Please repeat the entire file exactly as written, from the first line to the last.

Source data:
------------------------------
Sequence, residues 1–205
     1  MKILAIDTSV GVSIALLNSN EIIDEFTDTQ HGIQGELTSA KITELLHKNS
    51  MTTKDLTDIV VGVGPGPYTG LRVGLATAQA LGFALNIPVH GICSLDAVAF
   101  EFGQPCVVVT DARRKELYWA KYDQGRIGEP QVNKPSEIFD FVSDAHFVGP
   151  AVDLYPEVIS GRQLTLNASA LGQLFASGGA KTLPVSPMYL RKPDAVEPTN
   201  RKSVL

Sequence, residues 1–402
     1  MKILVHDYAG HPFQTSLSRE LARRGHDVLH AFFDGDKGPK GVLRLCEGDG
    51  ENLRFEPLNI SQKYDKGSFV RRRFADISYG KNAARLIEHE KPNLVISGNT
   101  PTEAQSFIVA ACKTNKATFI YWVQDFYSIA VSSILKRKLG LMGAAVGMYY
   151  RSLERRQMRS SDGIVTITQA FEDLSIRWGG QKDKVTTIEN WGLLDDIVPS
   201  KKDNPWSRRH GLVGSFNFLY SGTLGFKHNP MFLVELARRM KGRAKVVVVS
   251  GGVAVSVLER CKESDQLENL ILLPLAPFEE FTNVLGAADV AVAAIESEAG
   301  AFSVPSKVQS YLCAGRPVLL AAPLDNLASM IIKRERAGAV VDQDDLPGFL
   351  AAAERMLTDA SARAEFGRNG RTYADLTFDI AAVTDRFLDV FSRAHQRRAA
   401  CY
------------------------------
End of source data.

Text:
Sequence, residues 1–205
     1  MKILAIDTSV GVSIALLNSN EIIDEFTDTQ HGIQGELTSA KITELLHKNS
    51  MTTKDLTDIV VGVGPGPYTG LRVGLATAQA LGFALNIPVH GICSLDAVAF
   101  EFGQPCVVVT DARRKELYWA KYDQGRIGEP QVNKPSEIFD FVSDAHFVGP
   151  AVDLYPEVIS GRQLTLNASA LGQLFASGGA KTLPVSPMYL RKPDAVEPTN
   201  RKSVL

Sequence, residues 1–402
     1  MKILVHDYAG HPFQTSLSRE LARRGHDVLH AFFDGDKGPK GVLRLCEGDG
    51  ENLRFEPLNI SQKYDKGSFV RRRFADISYG KNAARLIEHE KPNLVISGNT
   101  PTEAQSFIVA ACKTNKATFI YWVQDFYSIA VSSILKRKLG LMGAAVGMYY
   151  RSLERRQMRS SDGIVTITQA FEDLSIRWGG QKDKVTTIEN WGLLDDIVPS
   201  KKDNPWSRRH GLVGSFNFLY SGTLGFKHNP MFLVELARRM KGRAKVVVVS
   251  GGVAVSVLER CKESDQLENL ILLPLAPFEE FTNVLGAADV AVAAIESEAG
   301  AFSVPSKVQS YLCAGRPVLL AAPLDNLASM IIKRERAGAV VDQDDLPGFL
   351  AAAERMLTDA SARAEFGRNG RTYADLTFDI AAVTDRFLDV FSRAHQRRAA
   401  CY